In her latest exhibition OF GODDESSES AND WOMEN at Tbilisi’s Window Project, Rusudan Khizanishvili presents paintings and ceramics of fragmentised women with shadowy figures and floral forms. Although these women are identifiable – likened to such as the Virgin Mary, Venus and others – they are anonymous, in the way that many women are in modern Georgia. Instead of romanticising women in the way that we are used to artists doing throughout art history, Rusudan introduces a new dynamic, portraying women who are present, powerful and sometimes even, manipulative. Creating artworks to prompt discussion, we spoke to Rusudan about the women in her artworks.
When did you know you wanted to be an artist?
I was 9 years old when I first went to an art school and since then my self-definition as an artist has been unchanged. Before entering art school, I thought for a moment about going to a medical school, but the true purpose of my life has prevailed.
Why do you focus on women within your artwork?
I was one year old when my father tragically died and my mother embodied both parents for me, my brother and sister, even more so for me because I didn’t remember my father and his role in the family at all. I think this had a major effect on my life and zeroed in my focus on the role of women as self-sufficient, strong, and unshakable characters.
How are women typically portrayed in Georgian society?
Social conflicts in the Georgian society which continues to be patriarchal, produce in me a feeling of internal protest further intensified by many encountered episodes of discrimination against women. At the moment, in the refined layers of the Georgian society, a woman is a fully-fledged and self-sufficient member of it, but unfortunately in regions removed from the capital, a woman still plays a role of just a mother, with limited rights and opportunities.
The identities of the women in your work are likened to Medea, Venus, The Virgin Mary…key female figures from global history, where you inspired by them?
As with many artists who have received a classical academic education, the history of art is inseparable from Greco-Roman ancient mythology and mythology of Mesopotamia and other nations. Knowledge of these mythological models later played a key role for me in finding connections, similarities and differences between certain characters as well as with Georgian historical or archetypal figures. This continuous process of searching and studying led me to the main idea of transhumanism in art, which I have been developing as a painter in the last few years. And of course, the main inspiration for me is Queen Tamara, historically known as King Tamara, a Georgian Queen, not dissimilar to Hatshepsut of Egypt. And also, Venus, who has a lot of symbolic meanings for me especially as the First Rising Star, a first planet to appear on an evening horizon, but also giver and receiver of universal love.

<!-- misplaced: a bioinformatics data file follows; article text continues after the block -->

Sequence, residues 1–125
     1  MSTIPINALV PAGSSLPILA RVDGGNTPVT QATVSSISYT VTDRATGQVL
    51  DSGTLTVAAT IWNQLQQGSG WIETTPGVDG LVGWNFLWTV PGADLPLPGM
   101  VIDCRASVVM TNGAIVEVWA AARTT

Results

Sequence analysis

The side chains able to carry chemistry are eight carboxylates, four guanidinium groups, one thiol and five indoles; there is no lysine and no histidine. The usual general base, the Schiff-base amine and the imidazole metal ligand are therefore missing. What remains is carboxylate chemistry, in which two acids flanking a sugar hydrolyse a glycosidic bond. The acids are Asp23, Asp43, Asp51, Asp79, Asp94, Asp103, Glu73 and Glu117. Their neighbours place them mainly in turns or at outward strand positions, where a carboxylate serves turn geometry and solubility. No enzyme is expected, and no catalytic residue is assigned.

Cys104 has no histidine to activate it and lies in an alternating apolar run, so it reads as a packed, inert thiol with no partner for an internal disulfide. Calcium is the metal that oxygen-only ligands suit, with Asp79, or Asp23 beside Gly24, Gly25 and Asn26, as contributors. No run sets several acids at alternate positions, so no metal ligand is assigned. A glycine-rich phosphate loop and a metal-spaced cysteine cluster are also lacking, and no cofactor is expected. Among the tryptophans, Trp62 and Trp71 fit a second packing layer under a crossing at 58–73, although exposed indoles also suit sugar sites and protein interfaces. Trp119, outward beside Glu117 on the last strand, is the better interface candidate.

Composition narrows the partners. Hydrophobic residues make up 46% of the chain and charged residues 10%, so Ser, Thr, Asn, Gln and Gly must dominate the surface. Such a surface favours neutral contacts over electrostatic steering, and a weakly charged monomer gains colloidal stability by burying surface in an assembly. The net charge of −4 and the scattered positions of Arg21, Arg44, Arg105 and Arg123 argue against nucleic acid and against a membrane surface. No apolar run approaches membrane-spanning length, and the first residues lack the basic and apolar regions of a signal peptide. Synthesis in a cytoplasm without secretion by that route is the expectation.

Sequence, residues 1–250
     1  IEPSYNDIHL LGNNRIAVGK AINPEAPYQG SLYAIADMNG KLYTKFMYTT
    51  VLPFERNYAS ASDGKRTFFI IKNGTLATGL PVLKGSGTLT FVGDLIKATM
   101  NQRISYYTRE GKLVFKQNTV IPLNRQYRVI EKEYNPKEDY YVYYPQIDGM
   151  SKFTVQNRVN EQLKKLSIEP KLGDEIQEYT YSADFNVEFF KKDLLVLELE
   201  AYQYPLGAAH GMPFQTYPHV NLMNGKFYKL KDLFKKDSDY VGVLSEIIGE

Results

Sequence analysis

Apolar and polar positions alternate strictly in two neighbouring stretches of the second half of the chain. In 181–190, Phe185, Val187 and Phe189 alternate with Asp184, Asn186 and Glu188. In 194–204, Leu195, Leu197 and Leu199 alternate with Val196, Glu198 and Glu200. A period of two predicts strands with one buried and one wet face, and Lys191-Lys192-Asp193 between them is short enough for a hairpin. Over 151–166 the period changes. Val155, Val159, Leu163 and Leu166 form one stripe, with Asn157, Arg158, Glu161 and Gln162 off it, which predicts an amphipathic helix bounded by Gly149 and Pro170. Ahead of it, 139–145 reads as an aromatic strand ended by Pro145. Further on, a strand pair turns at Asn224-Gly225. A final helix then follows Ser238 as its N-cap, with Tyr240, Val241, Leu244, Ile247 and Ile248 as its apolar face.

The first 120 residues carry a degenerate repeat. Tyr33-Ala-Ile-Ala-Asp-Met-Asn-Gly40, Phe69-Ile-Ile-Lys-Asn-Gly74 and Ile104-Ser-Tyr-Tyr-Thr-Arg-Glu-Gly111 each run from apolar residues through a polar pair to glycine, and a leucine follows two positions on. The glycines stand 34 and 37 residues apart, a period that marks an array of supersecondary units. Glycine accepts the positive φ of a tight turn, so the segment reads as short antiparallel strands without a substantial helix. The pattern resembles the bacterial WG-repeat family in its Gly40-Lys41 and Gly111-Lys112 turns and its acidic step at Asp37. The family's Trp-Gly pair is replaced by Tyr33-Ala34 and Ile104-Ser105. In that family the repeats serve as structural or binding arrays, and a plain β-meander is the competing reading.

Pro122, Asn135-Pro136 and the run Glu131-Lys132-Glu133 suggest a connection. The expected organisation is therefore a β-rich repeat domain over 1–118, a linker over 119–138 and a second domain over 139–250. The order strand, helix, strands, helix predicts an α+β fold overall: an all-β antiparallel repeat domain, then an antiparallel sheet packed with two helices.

There is are curtains incorporated into the installation of your exhibition, what role do the curtains play?
The exhibition design was produced by a young and talented Georgian architectural designer Lado Lomitashvili. He has deeply and particularly researched my statement in art and used curtains as the main architectonic elements, as borders and links between portals of nations and identities, just as I do in my creative practice.
The subjects in your works defy historical depictions of women, how do you want your audience to understand them?
Proceeding from the fact that my works investigate main roles of women in different social communities, they of course enter into a dialogue with the viewer, interacting with them and, of course, calling for a direct conversation. Basically, my viewer already has (a processed or unprocessed) deep education in the history of art and also in the history of civilizations, thus she or he finds answers to all questions, including those that have not yet been fully consciously realized.
You present paintings and ceramics, what is your favourite artistic medium to work with?
Of course, painting is my favorite medium, although working with ceramics is an interesting experiment for me, becoming a continuation of my canvases in a three-dimensional image.
What are your plans and hopes for the future?
Right now, my work is presented by Kornfeld Galerie, Berlin at Expo Chicago and this year my paintings will be presented at other major art fairs in Europe, Asia and the United States. My hope for the future is to have even more global audience that I currently have thus giving more people and women opportunity to ask some hard questions and take agency into their own hands.